MARTIN: Does it still happen to you, Joanne?

Ms. SMITH: Of course. Everyday.

MARTIN: What is it that you find most offensive about it?

Ms. SMITH: I think the most offensive thing about street harassment is that it's along the lines of violence against women and the spectrum of violence against women. So, it's something that's frightening. It's disrespectful, and we don't like it. One important thing that I want you to know about this campaign is that we know that all men don't street harass. We just want the men who do street harass women to take responsibility for their actions.

MARTIN: Latasha, a number of the young women in the documentary talked about not just being verbally abused, but getting - had a - physically attacked from men who want to talk to them if they don't want to - if the women don't respond. We even have a clip from the film. Let's hear it.

(Soundbite of movie, "Hey Shorty")

Unidentified Woman #2: I had (unintelligible) when they, you know, when you know (unintelligible). I have, you know, had - he was pulling on my arms. I've been pushed, shoved. I think what (unintelligible) another girl (unintelligible).

Unidentified Woman #3: I'm walking down the street, and some guys in the car are talking to me. And because I didn't want to talk to him, he just threw a bottle at me.

MARTIN: Joanne, what do you think this is about? What do you think they catcalling and all of this is about?

Ms. SMITH: I think it's a power dynamic. Most of the times, the men knows you're not going to respond or how you're going to respond, and they do it anyway to impress their friends. They think that it's a normal part of, I guess, initiation into manhood. They know that we're frightened by it. They know that we won't say certain things. I really think it's a power dynamic.

MARTIN: Latasha, what about you? What do you find most upsetting about it or most offensive about it?

Ms. BELTON: What I find most offensive about it is the way they react to our reactions. Whether I give them a no thank you or whether I'm quiet, the reactions from the males is always violent, always threatening, always rude and disrespectful. I have never once had gotten an okay, I'm sorry, miss, or okay, you have a nice day. It has always been something rude about my personality or my behavior.

MARTIN: So, you know, it's interesting, because I think that this goes back so deep - in fact, these are famous photograph. It's an iconographic photograph in black and white. I remember I'm a photographer dating from the '40s of a woman in Italy who's walking pass a group of men who are ogling her, you know, not enough - it doesn't appear to be a hostile way. They should have smiles or leers in her face, and she looks very intimidated and not at all sort of pleased by that. I think - I don't know, I guess, Joanne, I want to ask, do you think most men take this seriously or understand how upsetting this is to women?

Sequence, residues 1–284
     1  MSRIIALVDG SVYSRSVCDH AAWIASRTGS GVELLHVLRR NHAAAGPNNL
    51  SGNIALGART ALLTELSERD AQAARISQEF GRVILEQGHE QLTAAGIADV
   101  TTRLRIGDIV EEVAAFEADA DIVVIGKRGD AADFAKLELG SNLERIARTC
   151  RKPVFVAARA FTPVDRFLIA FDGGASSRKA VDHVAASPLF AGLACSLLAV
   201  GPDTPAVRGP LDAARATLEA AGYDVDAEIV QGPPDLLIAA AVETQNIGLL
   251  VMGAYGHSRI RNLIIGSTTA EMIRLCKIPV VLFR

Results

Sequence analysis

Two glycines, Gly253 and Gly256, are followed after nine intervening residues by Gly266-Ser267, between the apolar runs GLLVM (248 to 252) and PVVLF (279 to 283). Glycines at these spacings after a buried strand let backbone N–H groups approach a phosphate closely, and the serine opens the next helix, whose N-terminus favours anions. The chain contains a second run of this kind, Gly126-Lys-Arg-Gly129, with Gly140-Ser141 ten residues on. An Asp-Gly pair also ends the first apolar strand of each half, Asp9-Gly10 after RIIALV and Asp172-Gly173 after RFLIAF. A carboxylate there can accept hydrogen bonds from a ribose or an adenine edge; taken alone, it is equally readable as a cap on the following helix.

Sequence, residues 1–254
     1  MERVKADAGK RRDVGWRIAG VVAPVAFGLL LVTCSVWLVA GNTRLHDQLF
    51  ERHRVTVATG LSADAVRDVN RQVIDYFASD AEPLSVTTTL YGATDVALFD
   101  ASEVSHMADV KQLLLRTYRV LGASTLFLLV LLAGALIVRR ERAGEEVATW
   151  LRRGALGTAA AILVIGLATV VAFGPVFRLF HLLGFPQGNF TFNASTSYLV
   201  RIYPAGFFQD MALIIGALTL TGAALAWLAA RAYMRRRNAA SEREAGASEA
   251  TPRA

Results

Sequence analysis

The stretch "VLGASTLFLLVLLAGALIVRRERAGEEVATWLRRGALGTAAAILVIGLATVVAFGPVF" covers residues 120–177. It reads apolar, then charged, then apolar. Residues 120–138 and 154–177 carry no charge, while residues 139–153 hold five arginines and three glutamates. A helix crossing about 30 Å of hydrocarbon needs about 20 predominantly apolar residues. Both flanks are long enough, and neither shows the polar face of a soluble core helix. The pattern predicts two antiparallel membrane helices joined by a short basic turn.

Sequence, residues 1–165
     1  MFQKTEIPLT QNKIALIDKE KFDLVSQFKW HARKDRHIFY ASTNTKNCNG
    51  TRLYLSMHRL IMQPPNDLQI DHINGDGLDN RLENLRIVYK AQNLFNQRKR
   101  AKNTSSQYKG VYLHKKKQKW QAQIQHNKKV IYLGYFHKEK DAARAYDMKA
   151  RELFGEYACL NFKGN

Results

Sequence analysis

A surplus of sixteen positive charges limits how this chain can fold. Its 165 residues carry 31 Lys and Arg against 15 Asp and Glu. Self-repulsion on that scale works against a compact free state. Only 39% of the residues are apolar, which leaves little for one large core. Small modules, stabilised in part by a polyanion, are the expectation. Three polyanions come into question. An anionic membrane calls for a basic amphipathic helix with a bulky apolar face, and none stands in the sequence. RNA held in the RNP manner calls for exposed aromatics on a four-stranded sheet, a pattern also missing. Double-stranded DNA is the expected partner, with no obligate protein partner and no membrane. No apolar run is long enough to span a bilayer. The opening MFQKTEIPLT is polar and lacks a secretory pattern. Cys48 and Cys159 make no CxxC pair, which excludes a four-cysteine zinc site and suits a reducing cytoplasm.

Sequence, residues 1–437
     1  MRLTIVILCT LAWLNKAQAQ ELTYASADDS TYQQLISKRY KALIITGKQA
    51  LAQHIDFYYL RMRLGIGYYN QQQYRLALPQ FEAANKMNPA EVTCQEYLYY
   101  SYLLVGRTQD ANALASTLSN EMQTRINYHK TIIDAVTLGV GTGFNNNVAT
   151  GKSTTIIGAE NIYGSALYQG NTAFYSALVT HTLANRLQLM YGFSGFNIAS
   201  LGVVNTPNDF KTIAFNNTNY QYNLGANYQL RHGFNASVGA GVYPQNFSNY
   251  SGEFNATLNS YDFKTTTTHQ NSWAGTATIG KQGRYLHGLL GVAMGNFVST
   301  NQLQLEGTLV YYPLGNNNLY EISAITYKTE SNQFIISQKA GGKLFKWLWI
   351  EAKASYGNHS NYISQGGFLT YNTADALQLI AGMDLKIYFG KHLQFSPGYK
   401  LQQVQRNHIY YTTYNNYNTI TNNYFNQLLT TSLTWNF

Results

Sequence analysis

Ms. SMITH: No. They don't see it as an issue. They see it us as complaining, and they see it as being (censoring) if we don't accept it, if we don't respond with a smile and a nod. They don't realize that when we go out at night, during the day, the first thing we see is can we run in these shoes? The first thing you look for is our keys to hold our hands in certain ways that we have some line of defense, especially if we're about to walk pass a group of men and you can't cross the street.

MARTIN: Well, but wait a minute. Are you suggesting that men - I can understand why it's like verbally, you know, the kind of catcalls and so forth like that, but is the physical piece always a part of it? Or are you just saying that feels like part of a continuum? You feel like you might be physically assaulted.

Ms. SMITH: Exactly. It's a hostile environment created, and we're forced to be silent because we fear that they'll retaliate. And we're forced to alter our behavior due to fear and cross the street if we have to.

MARTIN: You're listening to TELL ME MORE, and we're talking about girls and young women fighting back against street harassment. With us are Joanne Smith and Latasha Belton from a group Girls for Gender Equity.

Joanne, it makes me wonder whether maybe a better group to work might be boys and men.

Ms. SMITH: I think so, too. I think more onus needs to be on the perpetuators, and we really need to understand why some men don't do it and some men do. And some men can't control themselves when they do see a women scantily dressed, walking down the street, and some men can. There seems to be a conversation that definitely includes boys and men.